Archive for the 'Reviews' Category



24
Mar
10

Zombie Simpsons Ruins Another List

Who Shot Mr. Burns Part 1a

Zombie Simpsons has cheaply cashed in on the success of its preeminent forerunner in many, many, ways.  One of the most prominent is by cramming musical guests into episodes with little to no purpose and few, if any, jokes.  This list, which purports to be the top ten musical guests, contains only 60% real Simpsons.  The White Stripes, Lionel Ritchie, Metallica and Green Day all make the cut from Zombie Simpsons (or the movie), but none of the following from actual good episodes do:

  • Tito Puente (Who Shot Mr. Burns 1 & 2)
  • Cypress Hill (Homerpalooza)
  • Peter Frampton (Homerpalooza)
  • Tony Bennett (Dancin’ Homer)
  • Aerosmith (Flaming Moe’s)
  • Sting (Radio Bart)
  • Red Hot Chili Peppers (Krusty Gets Kancelled)
  • Bette Midler (Krusty Gets Kancelled)
  • Linda Ronstadt (Mr. Plow)
  • Barry White (Whacking Day)

How you want to order these guests is debatable, and whether or not you like the music they perform is up to you.  But The Simpsons had far more than ten excellent musical guests whose appearances fit snugly into the episode and were always hilarious.  It seems a shame to not include them on account of Zombie Simpsons. 

23
Feb
10

An Unmitigated Crime Against Storytelling

“What happened to Mindy?” – Bart Simpson
“Yes, what did happen to her?” – Marge Simpson
“Enh, she hit the bottle pretty hard and lost her job.” – Homer Simpson
“Hm, good.” – Marge Simpson

I am not a big fan of Season 12’s “Trilogy of Error”.  (In case you’ve blocked it out that’s the one where Lisa invents the robot, Homer gets his thumb cut off and three different stories all unfold at once.)  But I do recognize that it took a lot of skill to weave three stories together like that.  Getting all those little elements to drop into place couldn’t have been easy.  So while I think those things were largely out of place in a Simpsons episode (where suspense and dramatic tension should never be the primary goal) I can at least see that some care went into creating it.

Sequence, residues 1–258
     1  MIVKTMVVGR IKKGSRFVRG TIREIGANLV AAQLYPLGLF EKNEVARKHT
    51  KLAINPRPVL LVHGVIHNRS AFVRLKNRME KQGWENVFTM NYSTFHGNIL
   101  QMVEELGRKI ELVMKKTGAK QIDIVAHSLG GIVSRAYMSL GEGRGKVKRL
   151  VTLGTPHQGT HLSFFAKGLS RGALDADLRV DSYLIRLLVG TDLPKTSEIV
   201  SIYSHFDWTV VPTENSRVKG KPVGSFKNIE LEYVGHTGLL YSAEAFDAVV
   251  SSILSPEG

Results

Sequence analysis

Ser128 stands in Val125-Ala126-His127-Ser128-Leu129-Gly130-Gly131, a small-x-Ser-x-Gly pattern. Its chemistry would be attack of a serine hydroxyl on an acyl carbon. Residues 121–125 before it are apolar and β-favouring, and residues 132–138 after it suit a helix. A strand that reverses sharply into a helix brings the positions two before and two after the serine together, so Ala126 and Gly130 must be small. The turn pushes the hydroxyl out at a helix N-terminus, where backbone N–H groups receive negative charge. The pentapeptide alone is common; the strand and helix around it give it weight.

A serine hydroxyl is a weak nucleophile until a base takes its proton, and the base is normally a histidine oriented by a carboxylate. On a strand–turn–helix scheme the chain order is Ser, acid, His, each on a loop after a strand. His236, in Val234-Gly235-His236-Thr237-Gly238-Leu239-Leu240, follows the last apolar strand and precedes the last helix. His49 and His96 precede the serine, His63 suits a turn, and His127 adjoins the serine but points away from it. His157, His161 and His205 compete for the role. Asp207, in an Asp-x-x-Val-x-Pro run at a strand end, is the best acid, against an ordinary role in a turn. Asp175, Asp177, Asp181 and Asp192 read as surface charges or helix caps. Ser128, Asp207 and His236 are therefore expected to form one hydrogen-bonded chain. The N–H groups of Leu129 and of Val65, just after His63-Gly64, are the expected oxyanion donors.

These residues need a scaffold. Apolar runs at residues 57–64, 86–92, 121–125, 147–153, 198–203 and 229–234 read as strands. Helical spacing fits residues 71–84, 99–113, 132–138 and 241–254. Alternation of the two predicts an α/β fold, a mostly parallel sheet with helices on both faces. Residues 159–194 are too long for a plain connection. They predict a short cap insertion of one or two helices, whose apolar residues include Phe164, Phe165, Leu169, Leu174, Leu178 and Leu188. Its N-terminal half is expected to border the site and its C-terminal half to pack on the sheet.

Then we have this week’s “The Color Yellow”, which incorporates the worst parts of “Trilogy of Error” while not even pretending to care about its story.  Just look at the ending.  Lisa spent the entire episode obsessing over her 1860-self and her efforts to help free a slave, Virgil.  But then 1860-Marge is the one who actually helps Virgil get to freedom wherein she marries him and settles down.  Except that to do so she abandons the kid she already has.  This is awful in at least three ways. 

First of all, she abandons her child.  Regardless of any other considerations it’s tough to have sympathy for a character who walks away from her kid without a second glance.  This is compounded by the fact that the ending is played as sweet and happy.